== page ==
In 1980, when I was nine, for thirteen weeks running, I watched Cosmos on Sunday nights with my father. Recently I’ve been watching the episodes again with my own nine-year old and his younger siblings. Much of the show has stuck with me ever since I first watched it, although it’s clearer to me now that Sagan thought of religion as a misguided fable at best, at worst as the greatest tool of oppression and hindrance to progress in human history. It’s also clear that Sagan was awed by the beauty of the universe and that he revered the miracle of life.
One of the goals of Cosmosâ€”perhaps the goalâ€”was to show that the origin and present state of the universe, and the evolution of life on Earth, are imbued with wonder, mystery, grandeur, and meaning. Or as Hugh of St. Victor wrote a millennium ago, Omnis natura rationem parit, et nihil in universitate infecundum est: all nature is pregnant with sense, and nothing in all of the universe is sterile. While Hugh and Sagan would disagree on the source and significance of meaning in the universe, I think they might agree that on every scale, from the quantum mechanical to the intergalactic, the cosmos has a story to tell. Sagan was engaged, in other words, in myth-making.
What surprises me most on this viewing of Cosmos is how compatible Sagan’s myths are with my own belief. For Sagan, the rise and present moment of human life is intimately connected to the whole history of the Earth and of the entire universe: we are such stuff as stars are made of, we are children of the cosmos. Our views differ, in that Sagan believes in an impersonal universe rather than a personal godâ€”or does he regard the universe as personal to the extent that we are a part of it? If the latter, we still live on opposite sides of the street, but close enough to smile and wave hello from our front porches.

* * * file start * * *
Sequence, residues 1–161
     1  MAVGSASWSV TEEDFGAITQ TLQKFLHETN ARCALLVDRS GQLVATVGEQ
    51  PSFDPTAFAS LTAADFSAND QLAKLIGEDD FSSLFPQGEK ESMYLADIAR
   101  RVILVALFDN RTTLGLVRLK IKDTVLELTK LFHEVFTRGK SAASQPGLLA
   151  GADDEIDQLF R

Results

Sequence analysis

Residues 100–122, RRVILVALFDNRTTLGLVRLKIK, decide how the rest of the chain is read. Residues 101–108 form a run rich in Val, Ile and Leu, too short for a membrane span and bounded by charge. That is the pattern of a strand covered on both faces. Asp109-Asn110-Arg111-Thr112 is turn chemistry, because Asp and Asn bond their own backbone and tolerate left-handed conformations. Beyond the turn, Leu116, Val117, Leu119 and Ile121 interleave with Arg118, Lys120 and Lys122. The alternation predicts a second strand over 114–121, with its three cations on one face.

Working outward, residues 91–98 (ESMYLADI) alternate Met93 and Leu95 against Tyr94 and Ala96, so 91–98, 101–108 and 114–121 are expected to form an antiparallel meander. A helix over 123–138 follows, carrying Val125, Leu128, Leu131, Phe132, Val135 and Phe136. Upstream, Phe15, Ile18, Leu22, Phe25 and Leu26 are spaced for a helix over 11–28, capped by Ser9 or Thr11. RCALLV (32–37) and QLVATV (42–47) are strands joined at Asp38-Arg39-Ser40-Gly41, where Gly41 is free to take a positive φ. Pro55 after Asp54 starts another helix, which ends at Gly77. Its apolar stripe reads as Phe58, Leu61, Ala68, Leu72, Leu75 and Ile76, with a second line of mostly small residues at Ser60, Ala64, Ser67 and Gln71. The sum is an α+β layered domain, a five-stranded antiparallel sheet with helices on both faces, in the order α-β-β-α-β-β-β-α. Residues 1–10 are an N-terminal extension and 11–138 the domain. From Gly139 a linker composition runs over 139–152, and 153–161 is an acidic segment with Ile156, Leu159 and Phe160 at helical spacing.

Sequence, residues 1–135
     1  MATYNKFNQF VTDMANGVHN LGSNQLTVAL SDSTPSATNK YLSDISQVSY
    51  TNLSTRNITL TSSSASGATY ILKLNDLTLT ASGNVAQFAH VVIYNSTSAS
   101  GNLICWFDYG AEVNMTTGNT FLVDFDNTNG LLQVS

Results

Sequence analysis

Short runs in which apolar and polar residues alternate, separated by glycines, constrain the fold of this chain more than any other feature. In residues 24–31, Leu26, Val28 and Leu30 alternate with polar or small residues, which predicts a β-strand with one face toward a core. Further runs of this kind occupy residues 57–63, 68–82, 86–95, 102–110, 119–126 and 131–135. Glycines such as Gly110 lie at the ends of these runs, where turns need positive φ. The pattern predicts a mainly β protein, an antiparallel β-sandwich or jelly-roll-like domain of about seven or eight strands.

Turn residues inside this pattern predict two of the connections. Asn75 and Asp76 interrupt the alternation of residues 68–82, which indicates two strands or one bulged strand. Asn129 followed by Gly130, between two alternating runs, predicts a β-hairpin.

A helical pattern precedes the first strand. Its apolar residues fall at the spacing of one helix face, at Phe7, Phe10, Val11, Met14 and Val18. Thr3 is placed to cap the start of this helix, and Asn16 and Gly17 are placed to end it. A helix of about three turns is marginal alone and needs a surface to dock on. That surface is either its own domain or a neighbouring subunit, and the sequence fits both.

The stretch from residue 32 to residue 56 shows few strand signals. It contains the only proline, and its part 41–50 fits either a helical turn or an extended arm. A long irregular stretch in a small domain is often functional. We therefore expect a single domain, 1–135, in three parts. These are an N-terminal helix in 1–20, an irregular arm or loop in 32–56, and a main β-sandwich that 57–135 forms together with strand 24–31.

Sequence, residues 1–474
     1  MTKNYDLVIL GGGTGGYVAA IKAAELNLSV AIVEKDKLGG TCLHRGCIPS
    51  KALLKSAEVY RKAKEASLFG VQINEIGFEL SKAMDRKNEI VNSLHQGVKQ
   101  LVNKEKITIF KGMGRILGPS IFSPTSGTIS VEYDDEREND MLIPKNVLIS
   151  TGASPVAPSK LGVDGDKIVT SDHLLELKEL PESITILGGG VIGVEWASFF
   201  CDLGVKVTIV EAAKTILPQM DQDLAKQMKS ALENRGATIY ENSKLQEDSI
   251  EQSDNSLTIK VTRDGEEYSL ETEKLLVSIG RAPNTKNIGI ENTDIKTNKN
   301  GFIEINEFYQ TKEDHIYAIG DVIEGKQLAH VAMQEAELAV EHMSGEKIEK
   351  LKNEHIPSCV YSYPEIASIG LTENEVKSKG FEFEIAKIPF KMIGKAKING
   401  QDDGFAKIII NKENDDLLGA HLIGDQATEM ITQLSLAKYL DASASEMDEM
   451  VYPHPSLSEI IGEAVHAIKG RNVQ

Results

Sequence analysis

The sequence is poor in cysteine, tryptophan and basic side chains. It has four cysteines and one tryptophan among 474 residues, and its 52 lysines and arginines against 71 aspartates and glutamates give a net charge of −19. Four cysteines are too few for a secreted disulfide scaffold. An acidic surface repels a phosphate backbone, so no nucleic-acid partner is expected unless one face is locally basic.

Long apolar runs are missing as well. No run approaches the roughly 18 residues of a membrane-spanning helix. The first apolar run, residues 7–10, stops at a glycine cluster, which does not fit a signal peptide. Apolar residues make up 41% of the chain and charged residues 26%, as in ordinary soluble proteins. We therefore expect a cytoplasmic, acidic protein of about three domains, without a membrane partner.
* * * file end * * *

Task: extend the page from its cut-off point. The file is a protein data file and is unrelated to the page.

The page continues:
One story Sagan tells to explain the process of evolution involves the Heike crab in Japan, whose carapace resembles the face of a Samurai warrior. How did it get that way? Because generations of Japanese fishermen, influenced by tales of a lost Samurai army under the waves, threw back crabs with face-like carapaces, letting them breed and pass on their genes to later crab generations. This, for Sagan, is an example of artificial selection. Whether or not the story holds together as evolutionary biology is a matter of controversy, but it is a splendid explanatory myth, including in ways that Sagan probably didn’t intend.
If we are the universe and the cosmos is us, isn’t the distinction between natural and artificial selection itself a bit artificial? Sagan rejects the notion of a Watchmaker, but he seems to think that a creator must be something like a fisherman plunging his arm down into the ocean world of crabs and deciding whether a member of the species has a sufficiently Samuari-like shell pattern. But if the fisherman is intimately connected to the universe, is there a fundamental difference between a hand stirring about beneath the waves, and a current here, a gentle eddy in the water there, that pushes one crab in one direction, and a second crab in another?
To put it a bit more plainly, I don’t see any contradiction between Mormon belief and a Darwinian interpretation of the fossil record. The question, “Have you received my image in your countenance?” might apply both to personal salvation, and to human creation.